I Ignore Unnecessary Surgery

Read A Medical Technician Uses Me As an Inanimate Teaching Aid

After roughly 45 minutes of studious poking and prodding, the EMG ended. There weren’t any bodily tissues or fluids that needed to be sent to a lab for analysis; a trained medical professional i.e. the labcoat lady should’ve been able interpret the available data. But when I asked for the verdict, she told me I’d have to talk to my doctor “in a few weeks.” Before I could open my mouth to debate her, she’d rushed out the door.

The day after the labcoat lady and her students administered the test, I phoned my alleged hand surgeon’s receptionist, Celia. She curtly sighed and told me that six weeks from then was the soonest she could schedule an appointment. Usually the head nurse working the day shift at the warehouse made a resident’s medical appointments. Since the potential surgery had been my idea, and given the nursing staff’s inability to concentrate on issues not closely monitored by the shrew of a head nurse, I decided to initiate the follow-through myself.

But I’d made the mistake of allowing the day nurse to schedule a medivan ride. She didn’t think I’d heard her mutter that this minor task would cut into her break time. The van predictably arrived late; I remembered that I always wasted at least an hour sitting in my hand surgeon’s waiting room, so I didn’t fret. Celia had scheduled the appointment for 1:30 in the afternoon. When 2:30 rolled around without so much as a fleeting acknowledgement of my presence, I decided to roll up and ask Celia if she’d in fact slated my appointment for 1:30. She stiffly smiled and deadpanned the standard excuse: “Sorry, we’re running a bit late today.” I threatened to leave. She shot me the evil eye and led me into an empty examination room.

Fifteen minutes later the squinty doctor from my previous visit zipped into the antiseptic cubbyhole. Of course I was anxious to learn of my EMG results. His rapid-fire blinking distracted me; the dandruff that caked his shoulders betrayed lax hygiene. He ignored my questions—I might as well been in an episode of The Twilight Zone. He only assured me that I needed surgery, and listed details of the proposed procedure. Then he dashed out of the room without waiting for my consent to any treatment.

As I was leaving, Celia, waving a business card, called out to me. She’d scheduled the surgery for exactly one week from that day. I considered that she routinely booked office appointments a month and a half in advance, and decided to blow off the clearly unnecessary surgery.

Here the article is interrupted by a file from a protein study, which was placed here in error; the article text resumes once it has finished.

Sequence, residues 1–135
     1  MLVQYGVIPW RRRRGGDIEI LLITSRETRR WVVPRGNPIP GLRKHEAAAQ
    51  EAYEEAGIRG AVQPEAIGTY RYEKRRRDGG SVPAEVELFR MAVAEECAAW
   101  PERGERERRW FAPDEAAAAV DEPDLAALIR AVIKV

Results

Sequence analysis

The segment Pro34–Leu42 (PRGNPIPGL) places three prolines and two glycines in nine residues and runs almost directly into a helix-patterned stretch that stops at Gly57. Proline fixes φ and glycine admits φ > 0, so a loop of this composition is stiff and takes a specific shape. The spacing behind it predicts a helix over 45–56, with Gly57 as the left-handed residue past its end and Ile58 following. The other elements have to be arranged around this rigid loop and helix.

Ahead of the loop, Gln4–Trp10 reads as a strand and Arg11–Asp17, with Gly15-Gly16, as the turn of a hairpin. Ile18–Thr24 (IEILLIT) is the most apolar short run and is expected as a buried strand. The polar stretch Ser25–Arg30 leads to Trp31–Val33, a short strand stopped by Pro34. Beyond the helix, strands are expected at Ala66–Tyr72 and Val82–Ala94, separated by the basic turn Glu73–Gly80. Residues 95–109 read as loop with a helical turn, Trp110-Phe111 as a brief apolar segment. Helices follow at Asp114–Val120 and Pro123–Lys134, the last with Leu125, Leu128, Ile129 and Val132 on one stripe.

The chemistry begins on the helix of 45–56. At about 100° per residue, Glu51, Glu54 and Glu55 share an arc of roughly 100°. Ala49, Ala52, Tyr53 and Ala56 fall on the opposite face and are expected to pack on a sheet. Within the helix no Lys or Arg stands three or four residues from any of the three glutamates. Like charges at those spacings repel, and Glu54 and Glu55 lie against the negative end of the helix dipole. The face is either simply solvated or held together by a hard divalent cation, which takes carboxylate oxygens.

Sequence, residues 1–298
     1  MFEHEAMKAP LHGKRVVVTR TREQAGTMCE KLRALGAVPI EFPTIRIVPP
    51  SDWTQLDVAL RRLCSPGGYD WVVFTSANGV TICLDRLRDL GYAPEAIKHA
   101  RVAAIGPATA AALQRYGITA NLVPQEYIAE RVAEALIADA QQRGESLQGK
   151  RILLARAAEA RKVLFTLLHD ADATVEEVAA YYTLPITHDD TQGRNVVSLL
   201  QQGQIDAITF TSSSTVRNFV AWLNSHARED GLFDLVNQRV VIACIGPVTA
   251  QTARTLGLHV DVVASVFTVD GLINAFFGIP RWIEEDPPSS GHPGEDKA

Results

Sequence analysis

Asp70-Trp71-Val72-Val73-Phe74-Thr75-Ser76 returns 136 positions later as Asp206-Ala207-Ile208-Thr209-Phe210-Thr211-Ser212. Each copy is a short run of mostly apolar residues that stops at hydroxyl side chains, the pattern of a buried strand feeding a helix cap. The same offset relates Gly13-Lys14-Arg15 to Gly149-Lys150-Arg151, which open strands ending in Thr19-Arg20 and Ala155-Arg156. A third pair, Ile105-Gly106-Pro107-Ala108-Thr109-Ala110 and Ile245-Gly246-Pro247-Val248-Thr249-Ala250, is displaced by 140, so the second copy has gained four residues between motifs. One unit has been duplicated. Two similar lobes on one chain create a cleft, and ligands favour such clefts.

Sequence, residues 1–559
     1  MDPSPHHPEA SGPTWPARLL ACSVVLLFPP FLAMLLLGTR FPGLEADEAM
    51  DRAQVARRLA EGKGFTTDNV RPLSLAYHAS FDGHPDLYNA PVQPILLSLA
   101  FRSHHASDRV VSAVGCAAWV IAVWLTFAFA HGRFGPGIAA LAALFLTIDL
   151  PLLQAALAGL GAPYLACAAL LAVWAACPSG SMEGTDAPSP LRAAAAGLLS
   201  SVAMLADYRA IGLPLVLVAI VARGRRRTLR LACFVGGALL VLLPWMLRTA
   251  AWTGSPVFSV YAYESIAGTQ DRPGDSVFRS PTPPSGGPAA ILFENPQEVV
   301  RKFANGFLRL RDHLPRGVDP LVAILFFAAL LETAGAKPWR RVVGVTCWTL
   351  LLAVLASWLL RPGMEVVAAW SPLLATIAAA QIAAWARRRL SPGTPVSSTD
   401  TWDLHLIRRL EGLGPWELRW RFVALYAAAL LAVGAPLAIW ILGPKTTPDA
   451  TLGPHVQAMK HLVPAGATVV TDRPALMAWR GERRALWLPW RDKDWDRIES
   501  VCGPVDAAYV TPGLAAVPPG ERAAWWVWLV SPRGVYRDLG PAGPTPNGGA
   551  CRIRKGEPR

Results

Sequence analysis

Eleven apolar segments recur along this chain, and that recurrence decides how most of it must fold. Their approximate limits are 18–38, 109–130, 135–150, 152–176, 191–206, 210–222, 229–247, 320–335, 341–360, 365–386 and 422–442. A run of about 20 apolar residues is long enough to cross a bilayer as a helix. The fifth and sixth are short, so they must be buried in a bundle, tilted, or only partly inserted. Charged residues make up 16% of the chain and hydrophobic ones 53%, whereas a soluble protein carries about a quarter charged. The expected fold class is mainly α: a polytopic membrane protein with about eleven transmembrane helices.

I didn’t feel compelled to cancel an operation to which I didn’t even agree, nor did I consider myself obligated to mention the situation to the charge nurse at the warehouse. The appointed day came and went—nobody ever acknowledged my absence from the hospital. One measly no-show hardly affected anyone’s bottom line.

One Response to “I Ignore Unnecessary Surgery”

  1. Chris Says:

    I work as a PCA in MN and routinely call in suspected (yea, right!) violations of the Vulnerable Adult law. A few times I have had to make the same complaint more than once. I have been retaliated against for these actions and have had to have an attorney deal with the company when that happened. (Hasn’t been a problem since then..) The company will not

    Sadly, the only way of getting a decent level of care is to be a pain in the ass and stand up for your rights. Your blog makes me ashamed to be associated with this industry. I’ve been considering leaving for a different job for some time now and I think after reading this I will finally go through with it. The way you describe the CNAs is right on the money in my experience. Most of the ones I work with can’t read or write English. They are the worst people I have ever worked with and I cannot believe how they seem to not get fired! (Actually I do. The turnover is so high that the supervisors overlook all but the most blatant infractions to keep the place staffed with the bare amount of workers. In the seven years I have worked in this place, they have never been fully staffed.)

    Your blog is one of the best I have ever read. I’m very glad you managed to escape the labyrinth of deception and shame that is our nursing home system.

    Look forward to reading more of your writing! It’s truly amazing!

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